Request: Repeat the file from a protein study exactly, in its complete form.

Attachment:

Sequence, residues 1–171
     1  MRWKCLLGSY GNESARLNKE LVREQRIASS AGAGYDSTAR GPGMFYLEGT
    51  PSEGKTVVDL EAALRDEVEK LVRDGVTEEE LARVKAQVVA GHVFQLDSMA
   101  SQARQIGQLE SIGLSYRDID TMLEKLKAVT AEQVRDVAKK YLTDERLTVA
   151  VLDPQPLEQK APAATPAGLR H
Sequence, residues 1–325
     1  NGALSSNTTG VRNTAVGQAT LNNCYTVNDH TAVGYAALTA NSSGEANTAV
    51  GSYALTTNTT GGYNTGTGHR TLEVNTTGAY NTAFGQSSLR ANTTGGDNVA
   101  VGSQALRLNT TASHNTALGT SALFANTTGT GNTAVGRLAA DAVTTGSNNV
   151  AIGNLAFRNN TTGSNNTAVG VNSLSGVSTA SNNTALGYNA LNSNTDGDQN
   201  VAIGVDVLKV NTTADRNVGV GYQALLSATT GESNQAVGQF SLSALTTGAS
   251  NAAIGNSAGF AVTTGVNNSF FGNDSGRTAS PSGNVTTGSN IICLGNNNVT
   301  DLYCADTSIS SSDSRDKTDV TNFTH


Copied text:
Sequence, residues 1–171
     1  MRWKCLLGSY GNESARLNKE LVREQRIASS AGAGYDSTAR GPGMFYLEGT
    51  PSEGKTVVDL EAALRDEVEK LVRDGVTEEE LARVKAQVVA GHVFQLDSMA
   101  SQARQIGQLE SIGLSYRDID TMLEKLKAVT AEQVRDVAKK YLTDERLTVA
   151  VLDPQPLEQK APAATPAGLR H
Sequence, residues 1–325
     1  NGALSSNTTG VRNTAVGQAT LNNCYTVNDH TAVGYAALTA NSSGEANTAV
    51  GSYALTTNTT GGYNTGTGHR TLEVNTTGAY NTAFGQSSLR ANTTGGDNVA
   101  VGSQALRLNT TASHNTALGT SALFANTTGT GNTAVGRLAA DAVTTGSNNV
   151  AIGNLAFRNN TTGSNNTAVG VNSLSGVSTA SNNTALGYNA LNSNTDGDQN
   201  VAIGVDVLKV NTTADRNVGV GYQALLSATT GESNQAVGQF SLSALTTGAS
   251  NAAIGNSAGF AVTTGVNNSF FGNDSGRTAS PSGNVTTGSN IICLGNNNVT
   301  DLYCADTSIS SSDSRDKTDV TNFTH